Long and complex, international adoption processes can be seen as constituting a set of performative practices which involve strategies of transmission/ incorporation of culture, implying the construction of relational identities or subjectivities. With an “educational” drive, and a strong uniformity aspiration, the relevant institutions would be constructing a unified kind of adoptive parenthood, not just in their public dimension but also on the more intimate identity configuration level: the emotional life, affections, expectations, personal history… (Borrillo and Pitois-Etienne, 2004). When confronted with “non-traditional” family projects (as it is the case with monoparental adoption), adoptive processes perform a strong governmental control oriented to the normalization of these families, with their disempowering as a side-effect. My paper studies the role of courts in the performance of this control, as it appears in the existing jurisprudence on the denegation of Adoptive Idoneity Certificates, needed for adoptive elegibility.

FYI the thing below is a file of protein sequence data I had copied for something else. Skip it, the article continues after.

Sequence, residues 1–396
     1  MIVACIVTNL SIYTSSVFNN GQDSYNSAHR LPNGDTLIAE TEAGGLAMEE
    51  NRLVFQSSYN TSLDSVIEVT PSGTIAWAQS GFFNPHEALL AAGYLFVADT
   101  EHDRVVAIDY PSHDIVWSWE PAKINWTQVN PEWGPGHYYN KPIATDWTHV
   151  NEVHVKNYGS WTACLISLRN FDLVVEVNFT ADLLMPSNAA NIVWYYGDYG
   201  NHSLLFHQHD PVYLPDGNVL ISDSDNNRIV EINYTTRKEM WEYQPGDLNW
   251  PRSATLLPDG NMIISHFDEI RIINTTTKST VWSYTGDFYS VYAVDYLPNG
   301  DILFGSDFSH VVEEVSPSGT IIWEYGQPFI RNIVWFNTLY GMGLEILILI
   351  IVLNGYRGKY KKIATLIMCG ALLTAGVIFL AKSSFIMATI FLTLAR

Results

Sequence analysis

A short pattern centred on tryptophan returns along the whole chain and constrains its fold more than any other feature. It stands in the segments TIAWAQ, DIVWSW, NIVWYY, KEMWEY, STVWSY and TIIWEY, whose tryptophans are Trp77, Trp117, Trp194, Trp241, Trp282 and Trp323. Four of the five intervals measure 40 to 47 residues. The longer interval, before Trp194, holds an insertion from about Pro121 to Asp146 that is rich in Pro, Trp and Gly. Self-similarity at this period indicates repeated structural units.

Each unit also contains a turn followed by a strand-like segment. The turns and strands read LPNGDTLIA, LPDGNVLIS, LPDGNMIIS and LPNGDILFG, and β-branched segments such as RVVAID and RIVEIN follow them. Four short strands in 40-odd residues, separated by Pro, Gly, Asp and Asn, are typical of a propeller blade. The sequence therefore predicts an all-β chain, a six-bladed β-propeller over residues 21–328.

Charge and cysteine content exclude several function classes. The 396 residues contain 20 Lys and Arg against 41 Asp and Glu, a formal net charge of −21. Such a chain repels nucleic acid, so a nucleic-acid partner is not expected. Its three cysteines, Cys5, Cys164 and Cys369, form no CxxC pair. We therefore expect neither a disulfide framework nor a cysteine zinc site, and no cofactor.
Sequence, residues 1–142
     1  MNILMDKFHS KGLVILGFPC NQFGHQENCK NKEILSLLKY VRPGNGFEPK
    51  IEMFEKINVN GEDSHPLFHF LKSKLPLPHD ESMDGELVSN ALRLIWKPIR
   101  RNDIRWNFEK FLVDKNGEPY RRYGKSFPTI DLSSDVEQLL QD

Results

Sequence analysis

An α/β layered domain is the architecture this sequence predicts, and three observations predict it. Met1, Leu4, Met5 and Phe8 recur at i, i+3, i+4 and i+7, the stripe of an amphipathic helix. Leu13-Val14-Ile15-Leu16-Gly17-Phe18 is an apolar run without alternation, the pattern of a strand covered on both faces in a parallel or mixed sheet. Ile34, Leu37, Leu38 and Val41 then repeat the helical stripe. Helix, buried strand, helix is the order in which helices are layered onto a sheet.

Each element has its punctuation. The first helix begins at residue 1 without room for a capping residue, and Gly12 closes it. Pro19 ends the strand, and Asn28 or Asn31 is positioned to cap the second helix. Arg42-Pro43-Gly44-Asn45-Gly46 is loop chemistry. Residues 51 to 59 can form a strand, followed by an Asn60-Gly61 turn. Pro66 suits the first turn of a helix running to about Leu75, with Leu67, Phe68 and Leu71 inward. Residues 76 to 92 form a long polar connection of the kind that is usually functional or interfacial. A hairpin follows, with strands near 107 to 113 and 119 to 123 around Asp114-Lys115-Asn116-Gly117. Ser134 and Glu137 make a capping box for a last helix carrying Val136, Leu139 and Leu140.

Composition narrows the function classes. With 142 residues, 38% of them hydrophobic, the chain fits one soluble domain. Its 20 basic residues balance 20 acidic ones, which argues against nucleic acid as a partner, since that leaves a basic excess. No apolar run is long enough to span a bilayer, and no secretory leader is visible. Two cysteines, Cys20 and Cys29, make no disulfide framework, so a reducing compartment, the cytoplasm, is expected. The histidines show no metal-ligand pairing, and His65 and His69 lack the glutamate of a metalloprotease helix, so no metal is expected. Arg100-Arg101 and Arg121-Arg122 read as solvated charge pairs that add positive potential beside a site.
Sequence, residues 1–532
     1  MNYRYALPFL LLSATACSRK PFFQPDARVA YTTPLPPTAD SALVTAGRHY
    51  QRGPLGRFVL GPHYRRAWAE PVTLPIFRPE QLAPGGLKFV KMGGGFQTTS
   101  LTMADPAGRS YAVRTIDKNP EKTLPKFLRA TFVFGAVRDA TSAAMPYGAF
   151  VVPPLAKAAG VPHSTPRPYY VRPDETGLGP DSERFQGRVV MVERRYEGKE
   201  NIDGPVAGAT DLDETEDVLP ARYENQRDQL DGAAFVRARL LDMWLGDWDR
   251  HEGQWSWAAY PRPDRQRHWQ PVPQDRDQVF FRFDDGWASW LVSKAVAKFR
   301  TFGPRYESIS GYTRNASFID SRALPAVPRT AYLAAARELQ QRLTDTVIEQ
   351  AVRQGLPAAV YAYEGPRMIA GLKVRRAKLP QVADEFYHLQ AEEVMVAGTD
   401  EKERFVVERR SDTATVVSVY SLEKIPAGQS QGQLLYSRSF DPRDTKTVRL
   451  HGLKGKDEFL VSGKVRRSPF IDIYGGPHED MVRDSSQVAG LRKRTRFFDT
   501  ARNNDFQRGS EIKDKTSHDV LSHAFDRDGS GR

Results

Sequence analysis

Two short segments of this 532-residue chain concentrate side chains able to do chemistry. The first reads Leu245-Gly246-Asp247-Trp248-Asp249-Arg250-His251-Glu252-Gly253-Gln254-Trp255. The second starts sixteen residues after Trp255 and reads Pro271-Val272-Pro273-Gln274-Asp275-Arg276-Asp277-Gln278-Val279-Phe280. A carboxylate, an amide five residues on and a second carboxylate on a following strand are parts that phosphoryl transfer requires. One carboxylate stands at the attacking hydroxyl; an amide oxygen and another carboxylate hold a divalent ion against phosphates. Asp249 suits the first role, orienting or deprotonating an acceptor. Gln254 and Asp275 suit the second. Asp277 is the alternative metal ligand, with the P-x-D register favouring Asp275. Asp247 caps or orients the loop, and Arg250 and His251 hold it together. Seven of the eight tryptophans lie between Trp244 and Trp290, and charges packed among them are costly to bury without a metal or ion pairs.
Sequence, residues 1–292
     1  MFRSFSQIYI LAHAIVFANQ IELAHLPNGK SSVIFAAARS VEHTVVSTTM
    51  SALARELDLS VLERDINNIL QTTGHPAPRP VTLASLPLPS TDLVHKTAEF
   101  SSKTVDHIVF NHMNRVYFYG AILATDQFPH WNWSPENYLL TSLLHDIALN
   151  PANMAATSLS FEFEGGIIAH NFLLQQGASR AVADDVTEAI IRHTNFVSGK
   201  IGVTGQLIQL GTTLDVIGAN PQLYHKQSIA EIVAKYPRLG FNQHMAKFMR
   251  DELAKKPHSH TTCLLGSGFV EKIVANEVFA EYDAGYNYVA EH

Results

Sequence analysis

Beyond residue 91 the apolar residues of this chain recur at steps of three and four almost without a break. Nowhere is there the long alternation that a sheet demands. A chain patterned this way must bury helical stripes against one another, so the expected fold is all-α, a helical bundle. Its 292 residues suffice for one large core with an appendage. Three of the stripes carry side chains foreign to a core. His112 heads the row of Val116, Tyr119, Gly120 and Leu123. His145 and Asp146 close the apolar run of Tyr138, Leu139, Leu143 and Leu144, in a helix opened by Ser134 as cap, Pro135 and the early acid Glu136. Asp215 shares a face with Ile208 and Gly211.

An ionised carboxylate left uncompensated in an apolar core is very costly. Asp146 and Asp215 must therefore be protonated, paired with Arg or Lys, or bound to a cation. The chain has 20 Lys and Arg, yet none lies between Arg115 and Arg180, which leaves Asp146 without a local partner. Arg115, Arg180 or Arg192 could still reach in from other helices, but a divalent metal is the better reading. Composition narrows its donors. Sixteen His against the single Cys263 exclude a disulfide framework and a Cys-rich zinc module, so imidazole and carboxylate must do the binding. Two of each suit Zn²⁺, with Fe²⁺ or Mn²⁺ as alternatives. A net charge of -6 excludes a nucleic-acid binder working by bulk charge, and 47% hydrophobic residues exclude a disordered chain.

- Expert discourse
Available at: http://works.bepress.com/raquel_medinaplana/1/